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|Title: ||Prediction of Permanent Deformation in Asphalt Concrete|
|Authors: ||Carvalho, Regis Luis|
|Advisors: ||Schwartz, Charles W|
|Department/Program: ||Civil Engineering|
|Sponsors: ||Digital Repository at the University of Maryland|
University of Maryland (College Park, Md.)
Pavement Mechanics, Pavement Performance Modeling, Permanent Deformation, Viscoelasticity, Viscoplasticity
|Issue Date: ||2012|
|Abstract: ||Permanent deformation is a major distress in flexible pavements that leads to the development of rutting along the wheel path of heavily trafficked roads. Early detection of rutting is very important for preventive maintenance programs and design of rehabilitation strategies. Rutting by definition is the accumulated permanent deformation that remains after removal of the load. Rigorous modeling of permanent deformations using nonlinear finite element analysis based on the correct physical mechanism of residual deformations after removal of the load provides important insights into the rutting problem. This dissertation documents the study of permanent deformation in asphalt concrete in pavement structures using a fully mechanistic model based on Schapery's viscoelasticity and Perzyna's viscoplasticity theories. The model is calibrated and implemented in a 3D finite element commercial software package. Two calibration procedures are performed and discussed. Two immediate practical applications are shown and a simulation of full scale accelerated pavement test is performed.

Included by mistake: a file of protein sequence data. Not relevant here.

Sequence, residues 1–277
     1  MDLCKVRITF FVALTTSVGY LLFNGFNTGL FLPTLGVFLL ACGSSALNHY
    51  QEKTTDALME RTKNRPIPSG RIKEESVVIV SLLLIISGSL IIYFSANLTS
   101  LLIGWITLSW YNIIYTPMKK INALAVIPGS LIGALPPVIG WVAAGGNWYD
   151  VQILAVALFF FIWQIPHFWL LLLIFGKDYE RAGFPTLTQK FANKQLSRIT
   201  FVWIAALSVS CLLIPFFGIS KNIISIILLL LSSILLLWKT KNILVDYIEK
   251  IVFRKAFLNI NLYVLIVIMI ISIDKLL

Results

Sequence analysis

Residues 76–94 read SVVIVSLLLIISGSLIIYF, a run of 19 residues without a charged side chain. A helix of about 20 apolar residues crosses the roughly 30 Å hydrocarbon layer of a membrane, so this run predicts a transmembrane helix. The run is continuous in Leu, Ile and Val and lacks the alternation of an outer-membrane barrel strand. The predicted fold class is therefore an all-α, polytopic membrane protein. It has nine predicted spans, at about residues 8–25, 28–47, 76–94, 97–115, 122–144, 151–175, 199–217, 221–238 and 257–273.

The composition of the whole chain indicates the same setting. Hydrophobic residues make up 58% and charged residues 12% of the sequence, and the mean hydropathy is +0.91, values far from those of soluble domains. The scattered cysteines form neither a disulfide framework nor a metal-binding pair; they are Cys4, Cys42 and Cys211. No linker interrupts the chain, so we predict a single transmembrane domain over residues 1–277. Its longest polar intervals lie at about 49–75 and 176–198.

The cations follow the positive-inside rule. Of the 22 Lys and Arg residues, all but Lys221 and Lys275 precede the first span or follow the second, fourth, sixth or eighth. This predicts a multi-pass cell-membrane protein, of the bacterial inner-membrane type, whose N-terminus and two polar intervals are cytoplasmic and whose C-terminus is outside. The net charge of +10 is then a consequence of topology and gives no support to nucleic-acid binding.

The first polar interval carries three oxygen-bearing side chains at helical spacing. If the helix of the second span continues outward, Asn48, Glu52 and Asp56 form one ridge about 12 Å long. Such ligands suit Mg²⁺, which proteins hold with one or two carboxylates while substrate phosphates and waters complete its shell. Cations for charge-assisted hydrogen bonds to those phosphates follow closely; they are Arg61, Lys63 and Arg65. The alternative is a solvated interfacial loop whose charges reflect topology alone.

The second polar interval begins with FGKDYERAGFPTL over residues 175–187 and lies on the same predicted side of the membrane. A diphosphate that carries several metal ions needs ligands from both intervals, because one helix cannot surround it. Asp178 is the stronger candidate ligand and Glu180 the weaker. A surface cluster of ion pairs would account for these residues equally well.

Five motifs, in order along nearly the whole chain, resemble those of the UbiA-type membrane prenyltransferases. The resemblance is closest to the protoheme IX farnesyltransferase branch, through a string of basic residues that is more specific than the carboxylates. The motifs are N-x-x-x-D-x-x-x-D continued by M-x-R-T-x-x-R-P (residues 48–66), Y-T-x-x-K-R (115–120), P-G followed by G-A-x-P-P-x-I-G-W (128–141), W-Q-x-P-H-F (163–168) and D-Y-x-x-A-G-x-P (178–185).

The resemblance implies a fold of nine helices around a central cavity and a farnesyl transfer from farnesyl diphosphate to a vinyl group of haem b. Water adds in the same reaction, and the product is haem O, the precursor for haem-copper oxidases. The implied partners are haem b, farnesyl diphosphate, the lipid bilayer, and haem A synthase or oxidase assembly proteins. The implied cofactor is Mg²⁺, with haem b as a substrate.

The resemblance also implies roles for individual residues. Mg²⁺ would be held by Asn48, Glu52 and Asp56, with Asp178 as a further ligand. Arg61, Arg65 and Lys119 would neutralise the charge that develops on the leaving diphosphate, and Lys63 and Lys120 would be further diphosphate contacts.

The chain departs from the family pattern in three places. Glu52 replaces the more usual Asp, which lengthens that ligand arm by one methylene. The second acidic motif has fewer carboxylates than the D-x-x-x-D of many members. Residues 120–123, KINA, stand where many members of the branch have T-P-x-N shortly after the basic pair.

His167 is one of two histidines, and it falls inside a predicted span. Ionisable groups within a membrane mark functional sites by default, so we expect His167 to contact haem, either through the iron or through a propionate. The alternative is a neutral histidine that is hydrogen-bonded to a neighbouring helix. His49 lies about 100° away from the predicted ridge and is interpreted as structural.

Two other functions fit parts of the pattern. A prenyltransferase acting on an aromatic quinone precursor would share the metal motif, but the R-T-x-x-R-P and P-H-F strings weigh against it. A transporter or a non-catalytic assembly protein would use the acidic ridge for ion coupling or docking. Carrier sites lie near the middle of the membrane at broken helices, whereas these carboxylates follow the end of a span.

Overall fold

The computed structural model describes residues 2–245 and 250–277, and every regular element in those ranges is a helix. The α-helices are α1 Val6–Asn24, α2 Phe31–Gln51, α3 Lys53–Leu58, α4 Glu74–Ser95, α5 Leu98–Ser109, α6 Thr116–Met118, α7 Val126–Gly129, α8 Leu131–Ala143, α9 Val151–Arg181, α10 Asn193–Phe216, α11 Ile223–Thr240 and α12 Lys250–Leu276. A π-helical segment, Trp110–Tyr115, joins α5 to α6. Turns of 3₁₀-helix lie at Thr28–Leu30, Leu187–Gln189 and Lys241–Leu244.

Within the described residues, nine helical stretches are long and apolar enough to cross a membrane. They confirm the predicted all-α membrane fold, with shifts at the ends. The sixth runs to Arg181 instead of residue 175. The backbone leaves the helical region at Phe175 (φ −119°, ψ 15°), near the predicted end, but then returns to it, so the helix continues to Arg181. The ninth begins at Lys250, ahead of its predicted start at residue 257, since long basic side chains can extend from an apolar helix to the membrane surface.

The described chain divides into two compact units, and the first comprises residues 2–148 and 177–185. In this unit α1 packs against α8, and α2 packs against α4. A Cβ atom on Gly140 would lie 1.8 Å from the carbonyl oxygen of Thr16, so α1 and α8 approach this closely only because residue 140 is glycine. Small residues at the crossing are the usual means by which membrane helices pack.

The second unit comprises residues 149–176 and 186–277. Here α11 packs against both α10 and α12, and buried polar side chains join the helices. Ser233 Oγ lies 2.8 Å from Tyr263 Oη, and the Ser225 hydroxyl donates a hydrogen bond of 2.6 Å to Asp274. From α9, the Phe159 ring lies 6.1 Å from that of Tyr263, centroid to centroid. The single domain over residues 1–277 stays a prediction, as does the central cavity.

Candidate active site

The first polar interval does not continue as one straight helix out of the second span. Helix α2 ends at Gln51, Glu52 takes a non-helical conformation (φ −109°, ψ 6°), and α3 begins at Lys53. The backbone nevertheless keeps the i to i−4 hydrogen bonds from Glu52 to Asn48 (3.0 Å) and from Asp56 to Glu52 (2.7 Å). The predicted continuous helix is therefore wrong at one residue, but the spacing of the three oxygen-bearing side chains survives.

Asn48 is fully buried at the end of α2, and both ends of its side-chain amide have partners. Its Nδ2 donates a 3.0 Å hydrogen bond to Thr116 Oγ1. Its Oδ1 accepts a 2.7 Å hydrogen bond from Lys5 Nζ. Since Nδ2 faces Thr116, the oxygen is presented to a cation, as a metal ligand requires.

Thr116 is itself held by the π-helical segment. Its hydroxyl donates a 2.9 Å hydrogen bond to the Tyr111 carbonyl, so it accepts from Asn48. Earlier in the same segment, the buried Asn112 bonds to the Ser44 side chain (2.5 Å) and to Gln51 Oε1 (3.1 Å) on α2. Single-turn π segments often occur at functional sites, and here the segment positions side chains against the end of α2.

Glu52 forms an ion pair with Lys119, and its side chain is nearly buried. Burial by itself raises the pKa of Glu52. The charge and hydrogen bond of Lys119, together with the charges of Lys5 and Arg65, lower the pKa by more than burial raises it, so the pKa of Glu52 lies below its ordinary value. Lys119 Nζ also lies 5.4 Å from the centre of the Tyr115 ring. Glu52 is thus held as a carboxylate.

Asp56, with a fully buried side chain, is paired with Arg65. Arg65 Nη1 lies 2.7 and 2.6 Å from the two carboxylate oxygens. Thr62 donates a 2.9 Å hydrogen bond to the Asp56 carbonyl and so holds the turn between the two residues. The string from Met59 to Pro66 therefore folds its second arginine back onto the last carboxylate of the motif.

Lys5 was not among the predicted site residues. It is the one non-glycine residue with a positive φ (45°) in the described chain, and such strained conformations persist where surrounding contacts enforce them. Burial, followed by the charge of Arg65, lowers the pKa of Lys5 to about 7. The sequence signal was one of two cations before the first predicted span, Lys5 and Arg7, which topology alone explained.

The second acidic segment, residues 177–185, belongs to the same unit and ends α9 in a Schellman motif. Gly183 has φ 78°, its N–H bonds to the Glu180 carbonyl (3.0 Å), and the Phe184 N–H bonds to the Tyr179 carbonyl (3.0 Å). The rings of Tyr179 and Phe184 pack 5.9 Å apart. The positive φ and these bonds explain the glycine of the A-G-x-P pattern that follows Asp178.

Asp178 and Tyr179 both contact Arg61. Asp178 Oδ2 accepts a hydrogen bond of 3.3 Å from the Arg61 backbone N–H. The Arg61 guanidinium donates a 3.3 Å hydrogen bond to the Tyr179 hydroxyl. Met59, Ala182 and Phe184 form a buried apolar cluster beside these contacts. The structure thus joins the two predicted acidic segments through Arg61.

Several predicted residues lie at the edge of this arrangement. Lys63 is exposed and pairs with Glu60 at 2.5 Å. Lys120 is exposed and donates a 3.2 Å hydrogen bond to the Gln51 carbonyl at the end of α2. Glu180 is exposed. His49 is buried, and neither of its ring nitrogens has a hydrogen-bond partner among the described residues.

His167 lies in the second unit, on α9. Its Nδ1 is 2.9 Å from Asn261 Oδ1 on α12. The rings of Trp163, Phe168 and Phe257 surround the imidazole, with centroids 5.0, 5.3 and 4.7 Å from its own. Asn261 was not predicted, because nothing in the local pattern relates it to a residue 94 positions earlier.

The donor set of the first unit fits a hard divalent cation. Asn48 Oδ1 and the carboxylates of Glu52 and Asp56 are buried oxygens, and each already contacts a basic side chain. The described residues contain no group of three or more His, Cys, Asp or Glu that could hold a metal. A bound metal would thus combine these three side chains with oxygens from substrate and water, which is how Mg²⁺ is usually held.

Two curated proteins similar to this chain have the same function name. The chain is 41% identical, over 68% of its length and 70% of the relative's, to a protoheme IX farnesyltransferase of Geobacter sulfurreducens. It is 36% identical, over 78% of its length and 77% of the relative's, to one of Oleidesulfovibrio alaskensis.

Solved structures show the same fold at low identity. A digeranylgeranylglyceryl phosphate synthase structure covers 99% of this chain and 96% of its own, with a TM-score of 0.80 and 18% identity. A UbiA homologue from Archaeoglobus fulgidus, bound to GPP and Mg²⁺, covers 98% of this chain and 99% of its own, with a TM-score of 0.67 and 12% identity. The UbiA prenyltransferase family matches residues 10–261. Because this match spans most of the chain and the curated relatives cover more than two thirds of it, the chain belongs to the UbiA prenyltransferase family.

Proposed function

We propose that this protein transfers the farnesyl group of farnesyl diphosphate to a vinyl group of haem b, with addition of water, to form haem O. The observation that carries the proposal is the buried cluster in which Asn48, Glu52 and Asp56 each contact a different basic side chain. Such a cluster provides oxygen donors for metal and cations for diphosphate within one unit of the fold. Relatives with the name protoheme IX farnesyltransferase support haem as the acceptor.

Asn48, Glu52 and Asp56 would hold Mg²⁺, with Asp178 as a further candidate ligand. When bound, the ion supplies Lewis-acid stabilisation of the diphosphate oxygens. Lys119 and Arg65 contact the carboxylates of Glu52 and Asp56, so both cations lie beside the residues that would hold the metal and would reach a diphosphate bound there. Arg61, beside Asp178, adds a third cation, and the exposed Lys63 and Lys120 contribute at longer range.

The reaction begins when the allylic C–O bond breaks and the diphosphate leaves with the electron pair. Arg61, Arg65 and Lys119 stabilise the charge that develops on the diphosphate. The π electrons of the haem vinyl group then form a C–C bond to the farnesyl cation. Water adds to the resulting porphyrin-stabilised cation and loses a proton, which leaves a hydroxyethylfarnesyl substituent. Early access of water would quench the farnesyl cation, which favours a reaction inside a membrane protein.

This research demonstrates that the Perzyna-HiSS viscoplastic model can be successfully calibrated using either research-grade creep and recovery tests or the more simple and production-oriented Flow Number test. The importance of induced shear stress reversals under a moving wheel load is documented. The 3D finite element simulation is then used to identify the fundamental differences on how rutting develops in different pavement structures in terms of the differences in the transverse profile and distribution of rutting within the layer. The analysis results are used to develop new pavement-specific depth functions for potential future incorporation into the AASHTO Mechanistic-Empirical Pavement Design Guide (MEPDG). Lastly, the 3D finite element model is used to predict rutting at one lane of the FHWA's full-scale Accelerated Load Facility experiment. After correction for some anomalies during the early loading cycles in the experiment, the predicted and measured rutting at the center of the wheel path were in good agreement.|
|Appears in Collections:||UMD Theses and Dissertations|
Civil & Environmental Engineering Theses and Dissertations
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